One step into Antica Macelleria Cecchini and I’m already gaping.
It’s all marble, oaken butcher blocks, hanging meat hooks, crackling rolls of porchetta, links of aged salami suspended over platters of Tuscan bread, mounds of creamy lardo, and – behind the glass display – a staggering amount of meat, meat, meat.
This clearly is no ordinary butcher.
This macelleria (butcher shop) awes with its idyllic Italian charm, and I remain rooted in the doorway. I don’t quite care if I’m blocking the entrance because I’m having a moment here, where I’m processing that I’m standing where the shoes of people the likes of Jack Nicholson, Dustin Hoffman, Bruce Springsteen, and Jamie Oliver have tread.
I am, of course, rendered useless as I spy Dario Cecchini, famed owner of the macelleria, striding towards me. I don’t even have time to gasp.
“Vino?” he offers, a bottle in one hand already tipping the mouth towards an empty glass.
Startled, I shake my head sharply in slight panic, partly because I was aware of the time of the day (morning), and partly because I had already been acquainted with the potency of Chianti wine. “No, no. Grazie.”
“No vino?!” is the incredulous reply, Dario’s voice booming within the small confines.
I cringe, feeling curious stares turn on me, and I offer a sheepish smile in return, “No.”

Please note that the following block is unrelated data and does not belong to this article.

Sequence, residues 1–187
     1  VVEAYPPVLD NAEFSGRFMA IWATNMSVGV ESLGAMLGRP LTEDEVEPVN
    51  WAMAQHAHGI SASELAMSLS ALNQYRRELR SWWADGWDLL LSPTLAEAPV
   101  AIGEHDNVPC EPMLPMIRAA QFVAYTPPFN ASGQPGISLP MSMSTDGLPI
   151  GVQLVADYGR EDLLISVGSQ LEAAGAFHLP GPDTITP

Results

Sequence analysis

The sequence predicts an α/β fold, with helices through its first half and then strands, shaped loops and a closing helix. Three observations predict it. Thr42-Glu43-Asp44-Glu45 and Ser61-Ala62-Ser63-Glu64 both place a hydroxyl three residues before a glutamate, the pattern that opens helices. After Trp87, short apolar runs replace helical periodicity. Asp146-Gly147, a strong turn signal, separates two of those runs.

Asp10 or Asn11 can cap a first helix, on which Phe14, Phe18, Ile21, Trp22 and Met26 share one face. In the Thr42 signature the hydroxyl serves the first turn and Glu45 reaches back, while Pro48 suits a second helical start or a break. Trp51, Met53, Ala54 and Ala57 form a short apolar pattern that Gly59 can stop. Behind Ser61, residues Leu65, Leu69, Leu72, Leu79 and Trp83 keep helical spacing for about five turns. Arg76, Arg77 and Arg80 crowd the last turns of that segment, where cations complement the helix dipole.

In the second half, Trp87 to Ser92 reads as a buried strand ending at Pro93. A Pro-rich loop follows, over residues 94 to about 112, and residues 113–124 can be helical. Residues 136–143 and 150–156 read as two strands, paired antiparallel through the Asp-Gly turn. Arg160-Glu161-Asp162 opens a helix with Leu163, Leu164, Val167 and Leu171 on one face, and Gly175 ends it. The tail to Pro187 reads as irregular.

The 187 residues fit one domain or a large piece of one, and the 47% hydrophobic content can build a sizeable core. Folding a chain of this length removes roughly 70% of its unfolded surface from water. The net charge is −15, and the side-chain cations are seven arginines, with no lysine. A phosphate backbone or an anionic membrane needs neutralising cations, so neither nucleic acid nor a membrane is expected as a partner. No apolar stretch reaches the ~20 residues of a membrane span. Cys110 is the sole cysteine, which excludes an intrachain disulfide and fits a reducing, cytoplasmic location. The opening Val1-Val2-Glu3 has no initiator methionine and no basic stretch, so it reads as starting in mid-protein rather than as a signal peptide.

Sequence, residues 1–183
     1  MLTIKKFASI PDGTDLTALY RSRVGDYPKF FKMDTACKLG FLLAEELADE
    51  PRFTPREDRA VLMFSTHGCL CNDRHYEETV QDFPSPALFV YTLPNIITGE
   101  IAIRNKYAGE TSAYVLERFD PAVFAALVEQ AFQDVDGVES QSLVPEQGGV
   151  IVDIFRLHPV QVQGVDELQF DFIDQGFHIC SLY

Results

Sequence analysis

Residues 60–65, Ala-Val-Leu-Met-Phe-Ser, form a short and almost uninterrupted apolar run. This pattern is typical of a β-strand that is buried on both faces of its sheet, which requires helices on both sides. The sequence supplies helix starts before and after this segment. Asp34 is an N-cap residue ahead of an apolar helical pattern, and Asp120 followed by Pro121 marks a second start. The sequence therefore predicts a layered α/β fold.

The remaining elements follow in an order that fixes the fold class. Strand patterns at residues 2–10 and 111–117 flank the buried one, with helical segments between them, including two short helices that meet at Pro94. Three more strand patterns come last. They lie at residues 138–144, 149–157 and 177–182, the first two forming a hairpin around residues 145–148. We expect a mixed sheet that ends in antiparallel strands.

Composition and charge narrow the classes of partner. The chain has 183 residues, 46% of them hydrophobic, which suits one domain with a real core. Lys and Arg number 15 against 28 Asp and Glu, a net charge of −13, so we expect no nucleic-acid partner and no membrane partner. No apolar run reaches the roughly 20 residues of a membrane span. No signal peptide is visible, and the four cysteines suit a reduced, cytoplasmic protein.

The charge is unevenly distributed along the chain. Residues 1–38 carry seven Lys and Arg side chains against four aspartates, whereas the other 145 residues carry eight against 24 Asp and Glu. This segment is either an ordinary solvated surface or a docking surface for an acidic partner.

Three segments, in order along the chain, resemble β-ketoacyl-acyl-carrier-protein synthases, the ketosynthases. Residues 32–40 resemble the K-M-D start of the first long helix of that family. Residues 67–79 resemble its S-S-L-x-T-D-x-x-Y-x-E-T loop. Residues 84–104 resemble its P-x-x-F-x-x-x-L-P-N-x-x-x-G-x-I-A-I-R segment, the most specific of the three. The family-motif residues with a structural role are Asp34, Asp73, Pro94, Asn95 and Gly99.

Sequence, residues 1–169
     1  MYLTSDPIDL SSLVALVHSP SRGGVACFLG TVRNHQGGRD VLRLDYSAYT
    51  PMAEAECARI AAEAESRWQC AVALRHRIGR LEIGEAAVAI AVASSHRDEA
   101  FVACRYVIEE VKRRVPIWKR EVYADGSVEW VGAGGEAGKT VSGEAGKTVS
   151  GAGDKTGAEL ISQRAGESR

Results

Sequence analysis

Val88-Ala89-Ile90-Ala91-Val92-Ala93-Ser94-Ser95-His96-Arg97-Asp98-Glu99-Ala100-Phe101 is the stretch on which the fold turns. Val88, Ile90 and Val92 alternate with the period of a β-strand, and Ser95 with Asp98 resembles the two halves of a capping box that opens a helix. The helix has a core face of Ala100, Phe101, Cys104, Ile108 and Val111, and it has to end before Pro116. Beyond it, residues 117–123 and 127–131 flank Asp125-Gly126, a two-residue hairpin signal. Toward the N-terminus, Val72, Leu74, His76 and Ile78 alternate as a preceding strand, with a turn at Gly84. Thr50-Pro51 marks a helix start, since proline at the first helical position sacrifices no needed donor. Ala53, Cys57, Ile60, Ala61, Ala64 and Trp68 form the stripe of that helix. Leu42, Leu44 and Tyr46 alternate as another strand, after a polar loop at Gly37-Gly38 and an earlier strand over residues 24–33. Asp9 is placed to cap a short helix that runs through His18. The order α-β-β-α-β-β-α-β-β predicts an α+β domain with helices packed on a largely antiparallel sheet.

His eyes dart to the bottle of water I have in my hand, “No acqua! Si, si, vino!”
And he proceeds to pour a healthy amount of deep, dark liquid into the glass, piercing blue eyes fixing firmly on me till I finally take it.
Dario smirks as I sip the heady wine in embarrassment, and I make a quick mental note-to-self to never, ever decline a proffered invitation to wine – especially from an Italian, and especially if it’s Dario.
Dario Cecchini is the 5th generation owner of the Antica Macelleria Cecchini, a butcher shop in the humble Tuscan town of Panzano. His macelleria draws droves of tourists, all clambering for a taste of his quality meats, or just to see the man himself in his culinary Mecca. He is best known for holding a ‘funeral’ for the bistecca alla fiorentina (Florentine-style T-bone steak) in 2001, back during the mad cow scare when a ban was imposed on eating meat served on the bone. To serve the bistecca without its bone was sacrilege.
The name Dario goes beyond the person itself. It’s immediately clear that the bold strips of red and white paint on the shop’s façade, the bottles of olive oil and Chianti wine emblazoned with stickers of his side-profile, the jars of salts and marinades stamped with the name of his shop, are all Dario.
The man is a brand.
Standing next to me, he is decked out in a white long-sleeved shirt, with a bright red vest thrown over and a matching pair of red pants. He has a white ‘Antica Macelleria Cecchini’ apron on top of it all. In his left arm he cradles a bottle of wine in a straw basket, and it is with no small amount of amusement that I learnt that it is traditionally called a fiasco – probably attributed to the very merry-making the wine induces. I know that for a fact, because I am starting to feel a little too happy from my first sip of Chianti.
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